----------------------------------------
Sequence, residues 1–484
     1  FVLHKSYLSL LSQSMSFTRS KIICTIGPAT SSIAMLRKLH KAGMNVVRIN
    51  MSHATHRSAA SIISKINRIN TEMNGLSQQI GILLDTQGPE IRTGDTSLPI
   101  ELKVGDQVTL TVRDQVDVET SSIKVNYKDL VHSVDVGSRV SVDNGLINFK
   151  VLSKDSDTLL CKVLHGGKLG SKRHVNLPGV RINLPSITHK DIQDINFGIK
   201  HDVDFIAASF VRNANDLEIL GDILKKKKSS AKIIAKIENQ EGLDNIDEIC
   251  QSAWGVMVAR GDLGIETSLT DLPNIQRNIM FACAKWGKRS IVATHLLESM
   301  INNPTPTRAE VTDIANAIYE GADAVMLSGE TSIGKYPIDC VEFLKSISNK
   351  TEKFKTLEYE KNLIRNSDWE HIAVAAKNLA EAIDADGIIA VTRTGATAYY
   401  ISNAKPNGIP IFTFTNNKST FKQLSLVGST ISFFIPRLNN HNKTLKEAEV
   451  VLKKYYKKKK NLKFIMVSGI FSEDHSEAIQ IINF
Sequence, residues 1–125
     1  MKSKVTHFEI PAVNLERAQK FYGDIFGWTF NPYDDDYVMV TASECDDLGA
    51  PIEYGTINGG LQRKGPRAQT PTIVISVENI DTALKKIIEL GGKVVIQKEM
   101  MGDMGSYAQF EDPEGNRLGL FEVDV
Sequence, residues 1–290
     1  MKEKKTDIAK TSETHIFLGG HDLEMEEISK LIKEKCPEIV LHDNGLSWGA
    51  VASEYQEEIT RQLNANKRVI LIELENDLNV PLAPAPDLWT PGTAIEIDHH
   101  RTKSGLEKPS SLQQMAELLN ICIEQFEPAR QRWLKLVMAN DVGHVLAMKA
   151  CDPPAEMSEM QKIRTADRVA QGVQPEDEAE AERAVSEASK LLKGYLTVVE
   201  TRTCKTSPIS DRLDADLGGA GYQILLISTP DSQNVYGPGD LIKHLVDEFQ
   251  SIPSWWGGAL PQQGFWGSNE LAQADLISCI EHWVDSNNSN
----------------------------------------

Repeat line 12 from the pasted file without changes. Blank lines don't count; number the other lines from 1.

Sequence, residues 1–125